UNMASKED: Snippets & notes from a lifetime collection of journals  (pre-diagnosis).
Advocating for autistic acceptance.




January 28, 1994,


Rediscovering  my world fills me with happiness and wonder. I never truly lost it, but maybe I was standing in the doorway of my world looking at mine and others’ (through the doorway). When I went home, I knew I would never lose it, like so many do as they grow up. That alone makes me feel secure. Glad that I glimpsed a vision of other people’s world – helps me relate, gives me new perspectives, helps me appreciate all of life.


Kalpita Pathak
Age 18


There is no place like home. And home is where the heart is. And “It is only with the heart that one can see rightly; what is essential is invisible to the eye.” (Antoine de Saint-Exupéry, The Little Prince)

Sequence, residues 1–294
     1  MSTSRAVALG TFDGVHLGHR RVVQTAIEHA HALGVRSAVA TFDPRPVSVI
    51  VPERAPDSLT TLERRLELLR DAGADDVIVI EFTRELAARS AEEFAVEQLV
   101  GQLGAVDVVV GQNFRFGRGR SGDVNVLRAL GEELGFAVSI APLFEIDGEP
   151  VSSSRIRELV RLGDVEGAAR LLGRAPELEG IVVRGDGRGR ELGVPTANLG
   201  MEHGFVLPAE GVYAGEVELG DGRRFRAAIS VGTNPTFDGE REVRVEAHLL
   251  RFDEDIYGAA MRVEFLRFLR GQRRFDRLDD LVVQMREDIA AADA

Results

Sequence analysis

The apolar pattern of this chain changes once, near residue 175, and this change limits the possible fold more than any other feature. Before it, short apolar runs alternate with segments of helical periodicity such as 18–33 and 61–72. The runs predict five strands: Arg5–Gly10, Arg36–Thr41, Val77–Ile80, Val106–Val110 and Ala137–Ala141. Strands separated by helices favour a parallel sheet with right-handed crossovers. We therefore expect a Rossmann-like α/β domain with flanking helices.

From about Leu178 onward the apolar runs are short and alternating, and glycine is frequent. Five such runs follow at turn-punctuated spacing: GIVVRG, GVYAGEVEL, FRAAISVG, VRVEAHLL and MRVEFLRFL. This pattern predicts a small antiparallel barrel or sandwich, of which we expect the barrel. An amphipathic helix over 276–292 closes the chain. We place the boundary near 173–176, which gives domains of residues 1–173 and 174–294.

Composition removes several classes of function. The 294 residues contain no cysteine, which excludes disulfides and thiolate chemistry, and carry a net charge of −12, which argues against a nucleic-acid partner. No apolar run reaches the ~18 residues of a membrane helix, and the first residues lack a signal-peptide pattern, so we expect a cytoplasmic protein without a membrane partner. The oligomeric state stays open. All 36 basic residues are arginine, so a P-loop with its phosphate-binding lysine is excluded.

The “others’ world” is the neurotypical, neuroprivileged world. I fought it for so long but ultimately, in order to live, had to visit it *frequently* – school, work, socializing, relationships, running errands, medical care, law enforcement, pretty much every interaction with anyone else.


The irony is that I, like so many autistic people, had no choice but to learn the neurotyical, neuroprivileged perspective. It is literally a matter of survival for us. Yet that same society pathologizes us for not being able to do exactly that (see: double empathy problem). That pathologization demonstrates how our perspective is not considered. We do it for them but they don’t do it for us.


As I’d hoped, however, I didn’t lose my world. And I am so grateful for that. I hope the same for my fellow neurokin.